Haircuts in Salvador can be performed for around US$1, and in a surprising high-tech twist, the barbers will usually take a photograph of your head with their mobile phone camera, and then show you how it looks on their screen before you walk away. For a small extra fee you can have them send the photo to a loved-one back home, in case they would prefer a final touch-up while you are still in the chair.
Getting there – Most hair care tourists fly into Rio de Janeiro or Sao Paulo first, where they can get a domestic flight to Salvador at a modest cost. Those on tighter budgets tend to take overnight buses to Salvador, which take an average of 2 to 3 days, and cost half of what the flights typically do.
Xinjiang Uyghur Autonomous Region, China
You might think that Beijing or Shanghai would do well with hair care tourists, but those places are considered rip-offs by the real masters of the practice. Instead, you’ll need to go a couple thousand miles west, to the sparsely populated Xinjiang Uyghur Autonomous Region in order to find the real action.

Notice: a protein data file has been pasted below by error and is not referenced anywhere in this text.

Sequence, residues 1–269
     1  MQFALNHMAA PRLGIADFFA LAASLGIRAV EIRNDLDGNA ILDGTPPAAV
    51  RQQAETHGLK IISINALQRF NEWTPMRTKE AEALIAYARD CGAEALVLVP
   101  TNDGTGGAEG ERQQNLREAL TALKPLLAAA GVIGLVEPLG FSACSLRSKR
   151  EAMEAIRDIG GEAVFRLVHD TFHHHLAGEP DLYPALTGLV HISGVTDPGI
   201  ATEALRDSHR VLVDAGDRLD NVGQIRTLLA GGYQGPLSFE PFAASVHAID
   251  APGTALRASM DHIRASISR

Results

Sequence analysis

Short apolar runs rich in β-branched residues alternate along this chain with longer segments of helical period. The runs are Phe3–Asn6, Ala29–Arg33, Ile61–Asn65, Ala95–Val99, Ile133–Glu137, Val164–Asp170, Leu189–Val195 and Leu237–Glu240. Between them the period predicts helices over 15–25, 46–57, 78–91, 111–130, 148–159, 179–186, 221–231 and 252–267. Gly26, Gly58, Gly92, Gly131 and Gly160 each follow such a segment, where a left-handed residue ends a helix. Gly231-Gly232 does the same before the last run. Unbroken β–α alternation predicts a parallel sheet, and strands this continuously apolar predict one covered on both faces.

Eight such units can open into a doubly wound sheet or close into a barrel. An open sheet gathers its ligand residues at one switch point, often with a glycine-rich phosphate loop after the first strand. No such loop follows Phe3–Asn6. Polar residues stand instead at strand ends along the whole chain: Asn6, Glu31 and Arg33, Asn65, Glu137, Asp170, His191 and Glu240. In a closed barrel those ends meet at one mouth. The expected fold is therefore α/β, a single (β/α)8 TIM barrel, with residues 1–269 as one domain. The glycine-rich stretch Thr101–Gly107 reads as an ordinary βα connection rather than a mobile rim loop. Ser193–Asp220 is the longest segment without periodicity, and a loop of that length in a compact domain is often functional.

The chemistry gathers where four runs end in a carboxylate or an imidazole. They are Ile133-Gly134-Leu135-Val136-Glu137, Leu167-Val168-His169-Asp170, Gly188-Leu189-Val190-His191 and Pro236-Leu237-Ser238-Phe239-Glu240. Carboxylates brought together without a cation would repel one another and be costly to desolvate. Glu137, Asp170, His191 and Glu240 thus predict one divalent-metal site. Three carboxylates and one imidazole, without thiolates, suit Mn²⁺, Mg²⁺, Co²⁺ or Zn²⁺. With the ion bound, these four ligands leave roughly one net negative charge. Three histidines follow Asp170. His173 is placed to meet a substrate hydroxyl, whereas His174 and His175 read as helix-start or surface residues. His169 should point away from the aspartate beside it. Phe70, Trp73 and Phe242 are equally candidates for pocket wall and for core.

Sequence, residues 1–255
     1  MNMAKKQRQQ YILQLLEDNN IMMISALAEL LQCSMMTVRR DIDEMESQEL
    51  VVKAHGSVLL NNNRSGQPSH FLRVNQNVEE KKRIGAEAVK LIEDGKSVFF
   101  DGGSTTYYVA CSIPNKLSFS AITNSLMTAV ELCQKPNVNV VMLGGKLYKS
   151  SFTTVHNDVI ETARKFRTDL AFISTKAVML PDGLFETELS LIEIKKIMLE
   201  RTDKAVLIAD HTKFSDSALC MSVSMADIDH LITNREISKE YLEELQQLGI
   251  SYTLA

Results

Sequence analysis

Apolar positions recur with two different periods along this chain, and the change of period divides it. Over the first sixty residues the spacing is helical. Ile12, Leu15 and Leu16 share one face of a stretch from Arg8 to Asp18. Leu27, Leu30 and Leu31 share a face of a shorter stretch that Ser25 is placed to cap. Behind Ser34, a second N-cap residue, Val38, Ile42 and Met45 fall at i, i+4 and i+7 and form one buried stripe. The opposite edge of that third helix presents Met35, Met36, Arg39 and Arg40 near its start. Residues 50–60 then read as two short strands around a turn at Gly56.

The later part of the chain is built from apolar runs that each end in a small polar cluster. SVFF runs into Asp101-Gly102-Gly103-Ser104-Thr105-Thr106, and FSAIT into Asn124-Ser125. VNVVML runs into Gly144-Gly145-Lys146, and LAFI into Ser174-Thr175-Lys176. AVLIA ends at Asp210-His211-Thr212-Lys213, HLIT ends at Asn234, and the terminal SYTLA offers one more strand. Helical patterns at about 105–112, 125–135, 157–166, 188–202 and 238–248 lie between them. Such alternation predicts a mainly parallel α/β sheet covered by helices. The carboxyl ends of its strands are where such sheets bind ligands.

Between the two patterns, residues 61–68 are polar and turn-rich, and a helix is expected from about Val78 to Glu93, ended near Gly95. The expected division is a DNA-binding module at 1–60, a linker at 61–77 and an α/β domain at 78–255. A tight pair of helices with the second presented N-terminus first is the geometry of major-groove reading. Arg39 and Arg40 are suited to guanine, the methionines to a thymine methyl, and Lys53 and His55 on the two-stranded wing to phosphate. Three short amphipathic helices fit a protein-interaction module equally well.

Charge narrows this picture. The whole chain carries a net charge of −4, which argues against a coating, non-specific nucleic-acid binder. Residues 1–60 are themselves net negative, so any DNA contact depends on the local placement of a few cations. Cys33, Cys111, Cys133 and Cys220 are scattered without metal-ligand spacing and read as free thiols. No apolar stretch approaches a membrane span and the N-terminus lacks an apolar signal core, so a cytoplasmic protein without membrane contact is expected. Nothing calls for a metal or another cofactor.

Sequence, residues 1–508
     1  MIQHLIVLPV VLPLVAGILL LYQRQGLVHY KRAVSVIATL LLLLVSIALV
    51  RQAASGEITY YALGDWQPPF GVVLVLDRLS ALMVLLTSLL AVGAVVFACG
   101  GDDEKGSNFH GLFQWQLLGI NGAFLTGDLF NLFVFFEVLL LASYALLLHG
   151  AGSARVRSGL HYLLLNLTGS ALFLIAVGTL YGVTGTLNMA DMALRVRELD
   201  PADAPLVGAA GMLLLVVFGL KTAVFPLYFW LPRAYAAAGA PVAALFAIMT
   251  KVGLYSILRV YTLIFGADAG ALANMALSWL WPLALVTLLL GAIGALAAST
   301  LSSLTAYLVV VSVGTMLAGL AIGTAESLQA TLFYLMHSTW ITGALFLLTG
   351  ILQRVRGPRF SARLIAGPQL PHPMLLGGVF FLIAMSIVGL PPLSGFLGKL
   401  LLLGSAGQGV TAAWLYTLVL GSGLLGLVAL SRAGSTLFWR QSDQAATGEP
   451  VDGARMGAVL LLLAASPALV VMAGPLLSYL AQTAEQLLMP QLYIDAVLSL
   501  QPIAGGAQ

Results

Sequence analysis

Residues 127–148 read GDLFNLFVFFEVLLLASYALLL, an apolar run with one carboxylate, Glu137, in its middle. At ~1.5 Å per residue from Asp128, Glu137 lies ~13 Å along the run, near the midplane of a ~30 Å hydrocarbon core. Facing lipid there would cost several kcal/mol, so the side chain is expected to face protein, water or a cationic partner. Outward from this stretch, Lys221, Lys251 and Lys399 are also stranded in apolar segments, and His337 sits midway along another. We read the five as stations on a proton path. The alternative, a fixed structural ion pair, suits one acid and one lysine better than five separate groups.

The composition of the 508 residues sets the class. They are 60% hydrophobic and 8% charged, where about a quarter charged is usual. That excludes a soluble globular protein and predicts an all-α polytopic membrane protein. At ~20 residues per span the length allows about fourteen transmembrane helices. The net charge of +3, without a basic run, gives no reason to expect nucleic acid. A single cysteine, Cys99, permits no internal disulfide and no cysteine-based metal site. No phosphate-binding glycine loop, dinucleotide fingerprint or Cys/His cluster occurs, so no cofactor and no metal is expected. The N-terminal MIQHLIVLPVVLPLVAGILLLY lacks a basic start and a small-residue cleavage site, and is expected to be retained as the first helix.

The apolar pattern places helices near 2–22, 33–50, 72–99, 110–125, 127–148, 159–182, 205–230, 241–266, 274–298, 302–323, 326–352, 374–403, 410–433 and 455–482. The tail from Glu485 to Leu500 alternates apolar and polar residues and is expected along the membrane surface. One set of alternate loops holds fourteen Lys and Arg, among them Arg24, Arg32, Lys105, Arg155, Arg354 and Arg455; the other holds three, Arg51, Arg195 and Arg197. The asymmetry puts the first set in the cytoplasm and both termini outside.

Simple haircuts cost around 20 US cents, which makes this area arguably the cheapest place in the world to have your ears lowered. But the true novelty comes along with their bizarre combination of traditions and regulations, which state that barbers must wear fancy suits and cool hats at all times. The open-air cuts are popular here as well, and you’ll often see entire town square jammed with barbers cutting and shaving clients in a fury of precision movement.
Getting there – Being thousands of miles from the main population centers in China, it’s easiest and most common for visitors to enter through Kazakhstan or Kyrgyzstan, although some who find getting to those countries too daunting will fly in directly from Tajikistan instead.
Cairo by drgflyorng on Flickr,
China by A-Boy on Flickr,
Barbershop in Patong, Phuket by madaboutasia on Flickr ,
Salvador de Bahia by voetnoot.org on Flickr,
Hampi, India by raindrift on Flickr,
Ashton, Grenadines by Cowbell Solo on Flickr